Assemblyman Vincent Mazzeo/courtesy photo

A bill that would provide immunity from civil liability to paid and volunteer first responders who have to break down doors or bust windows to save those in distress has passed the Assembly unanimously.

The measure, A-594, was approved 75-0 on Monday and now heads to the Senate.

Those who would be covered include public and private first responders, including emergency medical services personnel, law enforcement officers, and firefighters.

One of the bill’s primary sponsors, Assemblyman Vincent Mazzeo, D-Atlantic, said it makes practical sense.

“It’s a commonsense approach for those who protect us, and in many cases save our lives, so they don’t have to worry about being liable for doing their job,” Mazzeo said on Tuesday. “Sometimes, you don’t think you need to have a law like this in place but stranger things have happened and we certainly feel it’s important to protect those who protect us.”

First responders are identified in the legislation as any members of a volunteer first-aid, rescue or emergency squad, or volunteer member of the National Ski Patrol System.

The measure also covers members of a volunteer fire company who provide emergency public first-aid and rescue services or services to control or extinguish fires, or both, as well as any mobile intensive care paramedic, licensed physician, hospital or its board of trustees, officers and members of the medical staff, including nurses and other hospital staff.

The bill seeks to amend a statute to provide that immunity “shall extend to any civil damages resulting from a forcible entry into a home, business, or other structure, at which an emergency is reported and where such entry is authorized by law. The first responder deems such entry as necessary to provide emergency medical care or to prevent imminent bodily harm and no occupant of the property responds to requests for entry within a reasonable period of time.”

According to Mazzeo, “It applies to any property damage or anything of that nature if [first responders] are breaking down the door and there is a reason for it, which in many cases, they are trying to save a person or protect property.”

But immunity does not extend to any first responder who causes damage “by his willful or wanton act of commission or omission” or to any first responder vehicle that causes damage during the rendering of such services.

The measure was first introduced on Jan. 9, 2018, and referred to the Assembly Judiciary Committee. The following month it was reported out of the committee on second reading, according to legislative records.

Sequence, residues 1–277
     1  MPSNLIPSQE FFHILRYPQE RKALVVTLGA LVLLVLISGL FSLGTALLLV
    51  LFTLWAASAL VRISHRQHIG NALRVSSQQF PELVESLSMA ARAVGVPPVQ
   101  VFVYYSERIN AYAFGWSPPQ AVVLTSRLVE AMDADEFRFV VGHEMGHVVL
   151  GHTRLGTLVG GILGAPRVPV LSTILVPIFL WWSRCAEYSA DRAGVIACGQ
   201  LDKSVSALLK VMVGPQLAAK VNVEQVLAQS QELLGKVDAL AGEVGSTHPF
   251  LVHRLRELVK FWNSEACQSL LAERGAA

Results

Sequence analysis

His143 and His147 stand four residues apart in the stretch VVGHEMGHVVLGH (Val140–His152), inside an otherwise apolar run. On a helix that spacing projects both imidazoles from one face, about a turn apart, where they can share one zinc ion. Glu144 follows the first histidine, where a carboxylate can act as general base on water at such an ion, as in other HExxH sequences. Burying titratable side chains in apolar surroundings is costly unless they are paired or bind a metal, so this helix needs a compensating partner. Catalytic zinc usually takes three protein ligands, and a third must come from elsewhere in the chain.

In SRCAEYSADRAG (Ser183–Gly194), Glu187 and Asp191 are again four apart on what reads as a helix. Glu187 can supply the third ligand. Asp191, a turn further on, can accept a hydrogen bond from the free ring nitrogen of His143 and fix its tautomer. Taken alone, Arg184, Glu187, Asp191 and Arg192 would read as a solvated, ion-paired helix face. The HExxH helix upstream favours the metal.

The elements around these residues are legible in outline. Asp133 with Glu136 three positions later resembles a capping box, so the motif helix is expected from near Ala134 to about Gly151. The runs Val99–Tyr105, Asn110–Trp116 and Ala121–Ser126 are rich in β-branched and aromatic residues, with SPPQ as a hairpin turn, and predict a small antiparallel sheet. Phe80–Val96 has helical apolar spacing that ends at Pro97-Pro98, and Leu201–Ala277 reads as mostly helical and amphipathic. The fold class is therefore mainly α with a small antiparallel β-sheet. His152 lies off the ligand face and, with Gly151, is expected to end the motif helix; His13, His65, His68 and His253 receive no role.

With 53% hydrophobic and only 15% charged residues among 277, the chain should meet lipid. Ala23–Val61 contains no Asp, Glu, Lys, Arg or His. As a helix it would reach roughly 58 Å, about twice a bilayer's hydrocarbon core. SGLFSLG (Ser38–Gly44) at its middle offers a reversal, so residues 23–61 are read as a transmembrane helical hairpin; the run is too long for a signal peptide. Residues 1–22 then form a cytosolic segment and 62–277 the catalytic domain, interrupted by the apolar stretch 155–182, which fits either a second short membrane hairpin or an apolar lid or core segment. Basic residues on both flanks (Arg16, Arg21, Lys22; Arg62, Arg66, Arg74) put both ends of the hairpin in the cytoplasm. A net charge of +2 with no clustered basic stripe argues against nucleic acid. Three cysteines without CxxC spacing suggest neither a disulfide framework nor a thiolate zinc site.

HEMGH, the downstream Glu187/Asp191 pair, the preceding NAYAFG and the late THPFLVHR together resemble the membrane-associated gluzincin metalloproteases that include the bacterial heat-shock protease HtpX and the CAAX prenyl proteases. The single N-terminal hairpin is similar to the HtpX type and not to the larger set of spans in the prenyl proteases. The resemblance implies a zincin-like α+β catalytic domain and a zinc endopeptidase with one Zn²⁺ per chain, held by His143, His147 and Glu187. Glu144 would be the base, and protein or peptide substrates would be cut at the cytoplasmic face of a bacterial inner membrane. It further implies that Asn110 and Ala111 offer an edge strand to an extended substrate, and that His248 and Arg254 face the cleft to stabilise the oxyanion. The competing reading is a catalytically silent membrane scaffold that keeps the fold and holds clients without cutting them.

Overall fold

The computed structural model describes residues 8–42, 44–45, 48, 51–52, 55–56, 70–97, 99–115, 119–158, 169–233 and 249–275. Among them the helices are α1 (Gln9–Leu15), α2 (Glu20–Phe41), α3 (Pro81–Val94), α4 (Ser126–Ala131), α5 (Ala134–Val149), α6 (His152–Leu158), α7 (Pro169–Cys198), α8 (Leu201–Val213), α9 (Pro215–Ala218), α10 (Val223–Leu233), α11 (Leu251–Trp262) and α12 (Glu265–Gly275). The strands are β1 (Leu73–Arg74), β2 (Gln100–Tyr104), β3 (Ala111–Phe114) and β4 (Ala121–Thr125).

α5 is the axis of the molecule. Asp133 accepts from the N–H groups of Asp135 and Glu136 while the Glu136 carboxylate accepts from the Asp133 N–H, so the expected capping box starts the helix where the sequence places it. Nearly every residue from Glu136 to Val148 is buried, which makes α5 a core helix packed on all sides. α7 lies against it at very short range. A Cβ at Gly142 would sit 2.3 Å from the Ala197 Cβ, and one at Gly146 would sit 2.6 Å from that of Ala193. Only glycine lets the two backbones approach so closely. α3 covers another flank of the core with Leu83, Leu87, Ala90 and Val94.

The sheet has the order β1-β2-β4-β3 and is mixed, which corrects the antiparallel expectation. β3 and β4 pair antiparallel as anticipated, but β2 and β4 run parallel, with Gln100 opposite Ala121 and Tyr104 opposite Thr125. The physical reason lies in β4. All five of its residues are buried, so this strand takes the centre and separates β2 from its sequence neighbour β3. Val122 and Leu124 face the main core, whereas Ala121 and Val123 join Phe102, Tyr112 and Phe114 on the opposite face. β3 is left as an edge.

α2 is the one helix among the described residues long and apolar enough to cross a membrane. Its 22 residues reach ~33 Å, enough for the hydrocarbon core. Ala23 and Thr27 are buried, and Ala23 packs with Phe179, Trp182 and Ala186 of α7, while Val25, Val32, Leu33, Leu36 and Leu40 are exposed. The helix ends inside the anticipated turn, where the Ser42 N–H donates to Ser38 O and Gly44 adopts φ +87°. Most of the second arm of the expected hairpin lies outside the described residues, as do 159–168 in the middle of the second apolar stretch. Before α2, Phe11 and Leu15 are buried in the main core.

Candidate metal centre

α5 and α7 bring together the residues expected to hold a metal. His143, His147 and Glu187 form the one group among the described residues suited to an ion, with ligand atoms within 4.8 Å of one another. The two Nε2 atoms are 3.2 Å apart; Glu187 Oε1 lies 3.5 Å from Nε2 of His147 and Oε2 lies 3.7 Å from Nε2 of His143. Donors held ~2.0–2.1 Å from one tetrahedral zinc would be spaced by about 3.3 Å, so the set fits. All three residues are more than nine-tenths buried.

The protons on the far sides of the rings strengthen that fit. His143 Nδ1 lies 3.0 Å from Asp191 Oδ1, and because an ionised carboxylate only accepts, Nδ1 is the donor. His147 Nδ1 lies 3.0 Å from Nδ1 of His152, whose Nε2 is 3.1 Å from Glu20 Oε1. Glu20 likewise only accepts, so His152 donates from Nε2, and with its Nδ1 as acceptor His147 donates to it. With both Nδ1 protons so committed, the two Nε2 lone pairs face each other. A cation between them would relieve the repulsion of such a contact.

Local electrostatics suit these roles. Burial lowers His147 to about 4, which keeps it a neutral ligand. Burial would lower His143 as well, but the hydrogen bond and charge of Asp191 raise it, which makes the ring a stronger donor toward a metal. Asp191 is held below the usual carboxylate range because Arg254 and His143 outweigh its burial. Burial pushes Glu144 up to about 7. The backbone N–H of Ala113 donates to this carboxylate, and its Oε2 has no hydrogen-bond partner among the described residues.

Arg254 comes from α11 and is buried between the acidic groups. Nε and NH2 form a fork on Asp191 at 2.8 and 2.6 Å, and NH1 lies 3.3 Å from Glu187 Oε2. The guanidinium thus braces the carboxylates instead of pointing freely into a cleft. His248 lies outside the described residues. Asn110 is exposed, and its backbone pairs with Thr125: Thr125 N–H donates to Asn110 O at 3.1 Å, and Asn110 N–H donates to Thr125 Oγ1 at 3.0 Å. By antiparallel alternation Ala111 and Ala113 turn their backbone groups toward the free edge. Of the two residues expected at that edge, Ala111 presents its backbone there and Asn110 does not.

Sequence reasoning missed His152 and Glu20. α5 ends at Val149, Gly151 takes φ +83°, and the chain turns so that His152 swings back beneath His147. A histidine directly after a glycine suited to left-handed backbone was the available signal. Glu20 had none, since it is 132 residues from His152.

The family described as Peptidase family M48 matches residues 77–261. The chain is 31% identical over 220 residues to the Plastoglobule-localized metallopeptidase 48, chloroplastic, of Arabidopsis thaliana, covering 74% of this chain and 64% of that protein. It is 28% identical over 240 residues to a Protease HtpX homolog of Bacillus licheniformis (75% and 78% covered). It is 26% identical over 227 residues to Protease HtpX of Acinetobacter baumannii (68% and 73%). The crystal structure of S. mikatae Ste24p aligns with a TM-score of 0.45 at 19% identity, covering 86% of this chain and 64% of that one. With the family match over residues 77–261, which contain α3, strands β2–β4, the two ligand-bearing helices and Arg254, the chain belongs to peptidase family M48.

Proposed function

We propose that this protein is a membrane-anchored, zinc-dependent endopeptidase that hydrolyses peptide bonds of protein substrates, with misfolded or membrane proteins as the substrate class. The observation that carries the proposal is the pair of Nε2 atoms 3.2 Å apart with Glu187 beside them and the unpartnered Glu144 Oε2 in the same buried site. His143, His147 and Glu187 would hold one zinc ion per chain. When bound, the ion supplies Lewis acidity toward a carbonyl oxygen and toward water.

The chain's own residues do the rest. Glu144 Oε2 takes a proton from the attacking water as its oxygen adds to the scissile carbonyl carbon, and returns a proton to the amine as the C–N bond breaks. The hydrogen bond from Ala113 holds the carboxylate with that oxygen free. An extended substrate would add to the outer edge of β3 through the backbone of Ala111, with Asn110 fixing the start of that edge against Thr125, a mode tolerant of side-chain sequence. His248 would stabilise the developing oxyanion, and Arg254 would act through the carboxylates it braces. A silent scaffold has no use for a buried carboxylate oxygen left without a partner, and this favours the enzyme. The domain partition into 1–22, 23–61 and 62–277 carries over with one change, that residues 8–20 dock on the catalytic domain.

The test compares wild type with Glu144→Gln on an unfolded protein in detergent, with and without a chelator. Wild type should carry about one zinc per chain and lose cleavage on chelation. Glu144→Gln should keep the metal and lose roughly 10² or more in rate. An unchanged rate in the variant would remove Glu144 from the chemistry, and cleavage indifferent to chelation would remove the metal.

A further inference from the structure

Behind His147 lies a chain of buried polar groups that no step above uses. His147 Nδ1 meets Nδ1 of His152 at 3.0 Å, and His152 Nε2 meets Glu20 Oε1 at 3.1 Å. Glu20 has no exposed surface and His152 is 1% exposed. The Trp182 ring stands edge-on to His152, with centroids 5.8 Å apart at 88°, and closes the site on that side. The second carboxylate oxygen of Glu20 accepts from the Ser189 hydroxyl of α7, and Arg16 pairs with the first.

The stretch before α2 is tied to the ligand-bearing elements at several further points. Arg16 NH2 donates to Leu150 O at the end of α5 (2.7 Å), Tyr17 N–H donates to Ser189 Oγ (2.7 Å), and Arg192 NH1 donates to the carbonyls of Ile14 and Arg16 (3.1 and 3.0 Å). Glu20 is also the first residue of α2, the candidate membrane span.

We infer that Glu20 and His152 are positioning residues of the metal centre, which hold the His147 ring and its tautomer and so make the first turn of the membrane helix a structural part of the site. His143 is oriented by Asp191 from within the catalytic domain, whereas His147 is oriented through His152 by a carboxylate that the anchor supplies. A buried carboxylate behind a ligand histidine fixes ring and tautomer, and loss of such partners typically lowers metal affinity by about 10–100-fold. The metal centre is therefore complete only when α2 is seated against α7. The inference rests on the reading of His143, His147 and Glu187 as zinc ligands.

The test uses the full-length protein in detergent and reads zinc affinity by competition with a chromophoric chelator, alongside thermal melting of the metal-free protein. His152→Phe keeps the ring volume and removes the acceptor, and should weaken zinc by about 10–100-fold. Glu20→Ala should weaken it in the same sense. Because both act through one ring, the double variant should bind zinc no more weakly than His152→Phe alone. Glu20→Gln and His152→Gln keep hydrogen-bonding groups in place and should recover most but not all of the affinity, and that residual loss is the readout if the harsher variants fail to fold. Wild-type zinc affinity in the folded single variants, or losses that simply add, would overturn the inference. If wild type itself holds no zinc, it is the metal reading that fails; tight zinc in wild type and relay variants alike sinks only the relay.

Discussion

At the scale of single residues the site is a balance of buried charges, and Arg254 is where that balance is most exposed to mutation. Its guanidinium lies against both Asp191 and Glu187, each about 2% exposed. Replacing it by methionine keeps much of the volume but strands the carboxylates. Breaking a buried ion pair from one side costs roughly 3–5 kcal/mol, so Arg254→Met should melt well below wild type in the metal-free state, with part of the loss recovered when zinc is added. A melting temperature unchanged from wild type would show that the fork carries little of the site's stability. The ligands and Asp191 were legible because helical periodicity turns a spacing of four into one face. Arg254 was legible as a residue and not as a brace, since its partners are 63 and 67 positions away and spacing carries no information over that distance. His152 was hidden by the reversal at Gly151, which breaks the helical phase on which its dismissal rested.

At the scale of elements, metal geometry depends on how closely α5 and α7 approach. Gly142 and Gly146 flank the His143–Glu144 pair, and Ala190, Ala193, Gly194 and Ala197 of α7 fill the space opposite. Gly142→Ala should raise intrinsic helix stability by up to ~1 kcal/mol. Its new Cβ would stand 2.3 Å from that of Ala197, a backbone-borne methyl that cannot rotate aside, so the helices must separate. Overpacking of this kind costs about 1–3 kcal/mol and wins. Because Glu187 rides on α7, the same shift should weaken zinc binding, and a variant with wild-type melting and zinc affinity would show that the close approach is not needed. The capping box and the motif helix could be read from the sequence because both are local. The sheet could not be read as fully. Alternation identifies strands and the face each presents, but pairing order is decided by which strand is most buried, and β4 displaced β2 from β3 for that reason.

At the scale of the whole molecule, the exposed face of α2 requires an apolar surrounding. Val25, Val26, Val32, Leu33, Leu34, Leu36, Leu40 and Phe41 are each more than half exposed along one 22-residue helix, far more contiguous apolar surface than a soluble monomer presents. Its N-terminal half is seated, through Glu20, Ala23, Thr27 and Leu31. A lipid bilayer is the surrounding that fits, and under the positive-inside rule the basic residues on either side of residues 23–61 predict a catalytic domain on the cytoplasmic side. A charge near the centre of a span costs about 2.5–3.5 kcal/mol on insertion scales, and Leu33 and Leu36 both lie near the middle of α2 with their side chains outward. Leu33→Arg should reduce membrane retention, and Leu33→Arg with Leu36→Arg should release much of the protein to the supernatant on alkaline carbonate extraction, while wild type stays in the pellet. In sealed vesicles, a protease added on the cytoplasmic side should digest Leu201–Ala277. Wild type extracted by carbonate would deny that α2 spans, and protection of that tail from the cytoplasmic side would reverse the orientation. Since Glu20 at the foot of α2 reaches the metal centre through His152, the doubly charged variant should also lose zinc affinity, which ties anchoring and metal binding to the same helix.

But it would lay dormant for more than a year as its primary sponsors departed the New Jersey Senate. The late Sen. Jim Whelan, D-Atlantic, championed the bill before dying from a heart attack on Aug. 22, 2017, at age 68, while its other primary sponsor, Sen. Diane Allen, R-Burlington, retired at the close of the last legislative year.

A representative for the Senate Minority Office said on Tuesday that three new sponsors have signed on to the bill, known in the Senate as S-91, but it was not yet determined when the Senate will take it up for consideration.

The legislation has bipartisan support. While Democrats are primary sponsors on the Assembly side, the new Senate sponsors are all Republicans: Sens. Anthony Bucco, R-Morris, Steven V. Oroho, R-Sussex, and Joseph Pennacchio, R-Morris.

After its unanimous passage in the Assembly on Monday, a primary Assembly sponsor, Joe Danielsen, D-Middlesex, said: “Ultimately, this bill is designed to ensure that no one in need of emergency assistance goes without care because of potential liability concerns in the event that they’re unable to either physically or verbally grant first responders entry into their property.”

But one attorney thinks A-594 may give too much cover.

Bruce Nagel of Nagel Rice in Roseland is representing a plaintiff suing both Short Hills Mall and the Millburn Volunteer First Aid Squad for alleged wrongful action in treating Dustin Friedland, a victim in a 2013 fatal carjacking inside the mall’s parking garage. Friedland, an attorney, was gunned down by four men who stole the couple’s Range Rover. The suit claims the volunteer first responders who arrived at the scene were ill equipped to access the mall’s parking deck as the plaintiff’s husband bled to death from a gunshot wound. According to Nagel, the EMTs had to walk to the parking deck using a stairwell, which he claims cost precious minutes leading up to the plaintiff’s death.

“While I am certainly in favor of First Responders having broad leeway to perform life-saving responsibilities, I disagree with an immunity which bars parties from suing even for acts of gross negligence,” said Nagel Friday as he prepared for a hearing in the case in Essex County Superior Court.

Contact Suzette Parmley at sparmley@alm.com.